BioHack Your Gut (Part 1)
I have a question, do you have a cat or a dog? If not, I’m sure you’ve been around them before. Would you say that they are intelligent? Dogs can follow commands, they can sit, play fetch and even sense when you’ve had a rough day and need a little furry cuddle. Cats, well they are intelligent too. They hunt birds and mice and groom themselves regularly - pretty independent little creatures I would say. Would you agree that your canine and feline counterparts are rather intelligent for animals? I think we can all agree with a resounding, “yes!”.
“Wait a second, what’s this have to do with biohacking your gut?”, you may be asking. The reason is because cats and dogs have about 200 million nerve cells in their brains, just as many that are in your gut!! That’s right, we have as much intelligence in our little bellies as our domesticated companions. It’s no wonder that we talk about “gut instinct”, having the “guts” to do something when being brave, and having “butterflies” in your stomach when you’re worried or nervous. The stomach is an incredible sensor for our bodies.
Your 30 feet of snake-like intestines is more than just a disgusting tube to breakdown and absorb food, it’s so much more. It hosts it’s own nervous system as intelligent as a cat or dog (we call it the enteric nervous system), our gastrointestinal system can impact our personality, mood, immune system and even some diseases. Before we dive too deep into the rabbit hole of the gut, let’s stick to this game changing idea that our gut has its own nervous system.
“Very similar to why we keep personal computers on our desk,” explains the Leonardo De Vinci of Gut Brain science, Michael Gershon, “our brain peripheralized the physical task of digestion in order to be more efficient and effective. Our brain can outsource the task and free up the brain from requiring more space for 200 million more neurons.”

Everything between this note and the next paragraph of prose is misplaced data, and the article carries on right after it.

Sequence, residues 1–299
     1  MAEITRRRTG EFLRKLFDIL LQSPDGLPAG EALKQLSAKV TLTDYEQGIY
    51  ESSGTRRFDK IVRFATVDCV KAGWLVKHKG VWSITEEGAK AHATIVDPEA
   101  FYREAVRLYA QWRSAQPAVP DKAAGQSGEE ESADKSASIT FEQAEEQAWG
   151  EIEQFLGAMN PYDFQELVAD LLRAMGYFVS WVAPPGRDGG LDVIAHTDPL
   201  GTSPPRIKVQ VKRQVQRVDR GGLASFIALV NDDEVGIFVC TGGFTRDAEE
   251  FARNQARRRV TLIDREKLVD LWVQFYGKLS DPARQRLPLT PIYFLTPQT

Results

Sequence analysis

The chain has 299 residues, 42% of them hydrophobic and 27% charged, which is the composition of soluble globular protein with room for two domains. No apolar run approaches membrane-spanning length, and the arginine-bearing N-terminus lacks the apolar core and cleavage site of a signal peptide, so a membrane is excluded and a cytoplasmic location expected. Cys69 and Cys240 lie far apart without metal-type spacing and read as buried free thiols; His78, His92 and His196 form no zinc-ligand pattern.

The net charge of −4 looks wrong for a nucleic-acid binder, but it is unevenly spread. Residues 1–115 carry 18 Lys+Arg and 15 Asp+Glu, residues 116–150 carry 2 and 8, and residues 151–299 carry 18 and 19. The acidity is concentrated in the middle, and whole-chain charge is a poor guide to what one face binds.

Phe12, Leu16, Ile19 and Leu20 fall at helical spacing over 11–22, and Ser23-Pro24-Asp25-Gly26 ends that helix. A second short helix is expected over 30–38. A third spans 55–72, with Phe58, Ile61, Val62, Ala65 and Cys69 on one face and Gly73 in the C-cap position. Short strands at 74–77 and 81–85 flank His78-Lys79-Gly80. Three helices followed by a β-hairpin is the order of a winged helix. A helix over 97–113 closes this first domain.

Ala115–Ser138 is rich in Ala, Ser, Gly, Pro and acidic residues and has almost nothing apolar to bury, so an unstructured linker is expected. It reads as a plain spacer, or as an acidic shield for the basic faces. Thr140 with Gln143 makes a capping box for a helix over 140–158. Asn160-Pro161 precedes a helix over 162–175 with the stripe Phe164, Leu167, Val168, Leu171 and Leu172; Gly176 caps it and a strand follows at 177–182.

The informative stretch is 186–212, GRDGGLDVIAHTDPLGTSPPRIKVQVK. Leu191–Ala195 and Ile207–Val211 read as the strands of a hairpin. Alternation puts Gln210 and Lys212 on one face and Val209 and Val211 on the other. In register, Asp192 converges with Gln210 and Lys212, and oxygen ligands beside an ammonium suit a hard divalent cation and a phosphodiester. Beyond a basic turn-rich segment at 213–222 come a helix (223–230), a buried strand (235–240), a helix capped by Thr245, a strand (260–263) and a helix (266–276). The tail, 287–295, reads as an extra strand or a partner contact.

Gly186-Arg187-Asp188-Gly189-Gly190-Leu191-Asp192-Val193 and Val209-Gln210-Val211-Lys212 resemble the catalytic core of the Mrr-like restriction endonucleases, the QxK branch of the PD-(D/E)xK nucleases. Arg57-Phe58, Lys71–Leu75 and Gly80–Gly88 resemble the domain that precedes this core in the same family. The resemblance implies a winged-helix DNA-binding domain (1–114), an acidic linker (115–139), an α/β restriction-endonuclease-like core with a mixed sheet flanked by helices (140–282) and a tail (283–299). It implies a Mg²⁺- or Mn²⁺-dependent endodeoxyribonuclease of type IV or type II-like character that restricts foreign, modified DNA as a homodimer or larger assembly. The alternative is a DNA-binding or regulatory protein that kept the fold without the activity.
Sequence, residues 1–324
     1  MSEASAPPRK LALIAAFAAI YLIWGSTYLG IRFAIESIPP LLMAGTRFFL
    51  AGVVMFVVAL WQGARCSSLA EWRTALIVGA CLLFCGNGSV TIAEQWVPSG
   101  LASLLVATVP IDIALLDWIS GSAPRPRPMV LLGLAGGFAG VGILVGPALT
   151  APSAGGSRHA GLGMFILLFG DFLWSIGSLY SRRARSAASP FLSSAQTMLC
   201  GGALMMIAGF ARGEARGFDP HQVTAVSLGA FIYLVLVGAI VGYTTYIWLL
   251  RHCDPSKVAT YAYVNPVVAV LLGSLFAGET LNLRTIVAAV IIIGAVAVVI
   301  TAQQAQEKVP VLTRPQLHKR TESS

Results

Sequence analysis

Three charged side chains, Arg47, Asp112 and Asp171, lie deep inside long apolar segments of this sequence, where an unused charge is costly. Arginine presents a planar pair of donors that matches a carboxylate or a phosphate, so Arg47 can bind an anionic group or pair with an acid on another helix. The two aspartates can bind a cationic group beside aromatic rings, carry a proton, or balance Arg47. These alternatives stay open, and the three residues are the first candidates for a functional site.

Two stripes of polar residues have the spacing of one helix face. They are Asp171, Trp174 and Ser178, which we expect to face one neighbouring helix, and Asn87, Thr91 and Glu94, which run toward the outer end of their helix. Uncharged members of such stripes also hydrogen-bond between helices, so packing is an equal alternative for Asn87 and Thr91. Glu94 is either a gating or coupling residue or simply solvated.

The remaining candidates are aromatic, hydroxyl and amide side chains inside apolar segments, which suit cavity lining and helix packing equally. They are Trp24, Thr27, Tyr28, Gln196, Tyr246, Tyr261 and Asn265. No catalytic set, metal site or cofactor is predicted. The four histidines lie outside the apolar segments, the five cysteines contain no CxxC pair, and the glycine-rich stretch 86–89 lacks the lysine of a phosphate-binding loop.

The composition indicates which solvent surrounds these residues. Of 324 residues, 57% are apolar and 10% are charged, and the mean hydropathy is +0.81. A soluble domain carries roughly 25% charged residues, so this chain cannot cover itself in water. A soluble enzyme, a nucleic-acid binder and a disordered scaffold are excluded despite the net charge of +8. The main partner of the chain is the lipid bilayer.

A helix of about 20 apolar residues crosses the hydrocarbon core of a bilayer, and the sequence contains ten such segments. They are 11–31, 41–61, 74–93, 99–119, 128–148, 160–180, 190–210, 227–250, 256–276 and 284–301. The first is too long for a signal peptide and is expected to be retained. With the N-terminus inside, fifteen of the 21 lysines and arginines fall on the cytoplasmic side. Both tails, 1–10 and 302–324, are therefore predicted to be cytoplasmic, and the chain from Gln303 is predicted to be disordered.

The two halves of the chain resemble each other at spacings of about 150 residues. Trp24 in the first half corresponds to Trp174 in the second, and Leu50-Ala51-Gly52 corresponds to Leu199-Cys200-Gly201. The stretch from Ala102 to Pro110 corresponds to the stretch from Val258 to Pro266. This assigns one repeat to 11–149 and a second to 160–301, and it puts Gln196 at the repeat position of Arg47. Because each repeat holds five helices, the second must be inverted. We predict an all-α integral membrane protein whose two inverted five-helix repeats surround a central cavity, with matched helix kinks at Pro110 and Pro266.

Arguably, the gut brain may in fact have been the first brain to develop through the evolution of modern humans, not 2nd in command to the brain between our ears which you may be thinking. Primitive multicellular organisms were actually only comprised of a digestive system. Your enteric nervous system, your guts brain essentially, developed in this digestive tube. Consequently, our human brain developed to coincide with the gut brain; eyes, ears and sense of smell and taste were useful in seeking food. Makes sense to me.
Our gut brain should get more street cred for being more intelligent than you think. The fact is, once our Paleolithic ancestors discovered the use of fire (basically a prehistoric BBQ) about 1.5 million years ago, we were able to push the gas peddle on the evolutionary vehicle of modern humans. “Why?”, you may ask. Because cooked food provides 16 times more energy than non-cooked food, this allowed us more time and energy to give our focus to other in our cognitive development and exploration. This was a HUGE (dare I say MONOLITHIC) jump in our evolutionary path to our modern form because over about 100,000 after our ancestors started using a prehistoric BBQ our brain size went from 700 cc to 1600 cc and more than doubled! This gave our little, or not so little, noggins the ability to focus on other things other than digestion and acquiring food. Like important discoveries & developments that led to our evolution in technology - as we progressed directly to to our modern state today.
So next time we are told to trust our gut, I think it would be safe to say it would be a wise choice. Unless you think a dog or cat aren't as smart as I do.
To be continued...In the next part of this 3 part blog post series I’m going to discuss how the gut talks to the brain by using neurotransmitters and how they impact our mood, personality and risks for anxiety, depression and insomnia. Until then, try listening a little more to your gut & hear what it’s saying...